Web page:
At the annual TPF review, parents and students have the right to ask for services that will build work skills and help the student explore career options. Transition services and activities to incorporate into the plan might include:
At 22, students "age out" of the entitlement of special education services provided by the public school system, and they need to apply for adult services. In Massachusetts, there is a Turning 22 law for students who will require significant supports in adult life, often referred to as Chapter 688. The law mandates that schools must complete the Chapter 688 Referral Form two years before the student exits school or turns 22 years of age, whichever is earlier. However, in order to facilitate the planning process, DDS prefers that schools make the 688 referral at age 17-18 to coincide with the DDS adult eligibility requirements.
The Chapter 688 Referral is a simple one-page document that identifies services the student will need after leaving special education. It must be signed by the parent, legal guardian or student who is 18 years of age or older. The signed form gives the school permission to send records to appropriate adult disability serving agencies, such as the Department of Developmental Services (DDS), Department of Mental Health (DMH), and Massachusetts Rehabilitation Commission (MRC). With sufficient lead-time these agencies are better able to effectively plan employment services and supports for young adults who are eligible for them.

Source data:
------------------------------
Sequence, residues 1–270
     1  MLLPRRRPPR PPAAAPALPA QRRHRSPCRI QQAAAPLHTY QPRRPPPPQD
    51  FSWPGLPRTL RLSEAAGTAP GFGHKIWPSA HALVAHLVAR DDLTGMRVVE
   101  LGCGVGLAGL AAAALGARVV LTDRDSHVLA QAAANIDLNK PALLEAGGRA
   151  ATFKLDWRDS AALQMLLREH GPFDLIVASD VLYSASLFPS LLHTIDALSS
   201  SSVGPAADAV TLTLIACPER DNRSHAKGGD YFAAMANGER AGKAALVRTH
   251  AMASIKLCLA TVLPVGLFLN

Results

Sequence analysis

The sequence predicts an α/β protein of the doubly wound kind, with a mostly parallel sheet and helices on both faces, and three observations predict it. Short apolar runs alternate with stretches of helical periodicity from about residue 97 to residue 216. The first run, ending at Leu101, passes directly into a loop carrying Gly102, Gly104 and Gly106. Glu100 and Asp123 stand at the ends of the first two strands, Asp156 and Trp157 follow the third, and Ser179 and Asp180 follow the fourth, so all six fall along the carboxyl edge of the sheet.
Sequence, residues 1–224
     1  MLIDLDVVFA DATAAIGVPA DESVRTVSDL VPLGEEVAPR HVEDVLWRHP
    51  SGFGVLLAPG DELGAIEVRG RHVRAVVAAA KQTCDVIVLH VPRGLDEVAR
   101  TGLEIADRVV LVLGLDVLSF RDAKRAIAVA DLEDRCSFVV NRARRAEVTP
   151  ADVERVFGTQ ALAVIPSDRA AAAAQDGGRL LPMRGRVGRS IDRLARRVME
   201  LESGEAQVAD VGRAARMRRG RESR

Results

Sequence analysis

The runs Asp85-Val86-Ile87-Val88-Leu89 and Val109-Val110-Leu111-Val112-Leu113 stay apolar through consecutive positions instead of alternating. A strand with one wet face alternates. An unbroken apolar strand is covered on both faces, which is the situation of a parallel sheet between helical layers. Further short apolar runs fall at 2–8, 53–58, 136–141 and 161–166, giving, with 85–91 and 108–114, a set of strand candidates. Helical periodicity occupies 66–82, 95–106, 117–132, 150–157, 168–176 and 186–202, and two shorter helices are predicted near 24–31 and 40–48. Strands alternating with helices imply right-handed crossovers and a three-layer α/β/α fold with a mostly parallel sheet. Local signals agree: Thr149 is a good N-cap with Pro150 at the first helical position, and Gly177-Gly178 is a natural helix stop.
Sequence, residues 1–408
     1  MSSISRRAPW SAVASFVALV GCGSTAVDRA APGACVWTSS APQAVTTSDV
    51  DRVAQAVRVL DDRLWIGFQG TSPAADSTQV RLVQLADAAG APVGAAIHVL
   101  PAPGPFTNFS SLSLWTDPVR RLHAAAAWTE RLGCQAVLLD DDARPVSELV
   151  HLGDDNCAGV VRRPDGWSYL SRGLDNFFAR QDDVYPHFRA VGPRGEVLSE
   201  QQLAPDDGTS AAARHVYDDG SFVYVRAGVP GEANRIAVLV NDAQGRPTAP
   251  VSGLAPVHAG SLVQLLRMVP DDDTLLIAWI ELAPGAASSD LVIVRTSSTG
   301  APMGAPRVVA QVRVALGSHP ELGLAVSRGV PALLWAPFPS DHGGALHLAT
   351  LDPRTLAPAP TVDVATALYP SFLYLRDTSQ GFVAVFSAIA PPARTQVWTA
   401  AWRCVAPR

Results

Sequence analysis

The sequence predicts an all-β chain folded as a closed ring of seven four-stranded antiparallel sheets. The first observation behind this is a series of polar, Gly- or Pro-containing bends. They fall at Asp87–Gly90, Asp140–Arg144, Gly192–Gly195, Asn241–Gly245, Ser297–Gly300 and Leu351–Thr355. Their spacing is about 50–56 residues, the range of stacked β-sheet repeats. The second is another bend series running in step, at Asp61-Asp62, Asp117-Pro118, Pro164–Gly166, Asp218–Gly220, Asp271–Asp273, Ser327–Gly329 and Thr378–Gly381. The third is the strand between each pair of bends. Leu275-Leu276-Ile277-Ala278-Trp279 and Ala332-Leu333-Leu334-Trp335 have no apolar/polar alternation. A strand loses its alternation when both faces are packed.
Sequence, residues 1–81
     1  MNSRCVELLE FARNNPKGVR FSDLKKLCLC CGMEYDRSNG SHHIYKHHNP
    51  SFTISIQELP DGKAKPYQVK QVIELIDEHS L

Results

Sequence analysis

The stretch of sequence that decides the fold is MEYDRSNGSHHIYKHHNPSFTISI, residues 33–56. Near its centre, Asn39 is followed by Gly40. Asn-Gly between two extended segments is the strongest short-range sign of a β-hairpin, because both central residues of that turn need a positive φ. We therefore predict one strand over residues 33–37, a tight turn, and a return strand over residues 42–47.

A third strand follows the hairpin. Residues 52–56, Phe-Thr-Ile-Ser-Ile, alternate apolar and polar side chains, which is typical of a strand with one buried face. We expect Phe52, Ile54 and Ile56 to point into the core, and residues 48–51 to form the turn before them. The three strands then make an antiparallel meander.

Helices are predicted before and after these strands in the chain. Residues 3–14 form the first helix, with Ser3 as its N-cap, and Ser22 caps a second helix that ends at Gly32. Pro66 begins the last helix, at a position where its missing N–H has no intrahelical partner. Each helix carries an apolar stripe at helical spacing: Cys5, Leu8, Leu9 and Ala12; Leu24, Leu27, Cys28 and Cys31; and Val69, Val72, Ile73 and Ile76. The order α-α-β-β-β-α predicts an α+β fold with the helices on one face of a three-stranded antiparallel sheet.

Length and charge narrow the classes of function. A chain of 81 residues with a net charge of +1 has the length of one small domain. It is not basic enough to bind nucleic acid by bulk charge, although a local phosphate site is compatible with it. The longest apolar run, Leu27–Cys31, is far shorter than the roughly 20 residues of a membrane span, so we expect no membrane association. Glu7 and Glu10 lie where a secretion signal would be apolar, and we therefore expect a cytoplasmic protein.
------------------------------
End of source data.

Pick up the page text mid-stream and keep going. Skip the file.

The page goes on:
It is important to note that the Chapter 688 referral must come from the school. Parents should work with the school to make sure that the referral is discussed at the IEP meeting, and the paperwork is submitted on time.
Preparation for work and collaboration with school and state agencies improves the likelihood that students will move into employment and careers after high school; students with even the most difficult challenges have demonstrated that they can be successful moving from school to work or to more education. Furthermore, young adults with disabilities who pursue further education and/or job training end up exercising more control over job choice rather than simply "taking any job." For these reasons, it is critical that schools help young adults get ready for employment by setting expectations and providing career preparation and work experiences.
What young adults can do
With support, there are a number of ways your young adult can take an active role in identifying career goals and preparing for the world of work while in school:
Talk to teachers, other adults and older siblings about work and getting involved in the community
Participate in a range of career exploration and job seeking activities, with the guidance of school staff
Choose high school courses that match work goals
Learn employment-related skills
Report what s/he liked or disliked about every work experience
Explore and build on interests and hobbies through activities at school, at home, and in the community
Practice "taking charge," such as gathering information and making appointments
Practice describing his/her abilities, disabilities and the services s/he is entitled to
Take on increasing age-appropriate responsibility and build independent living skills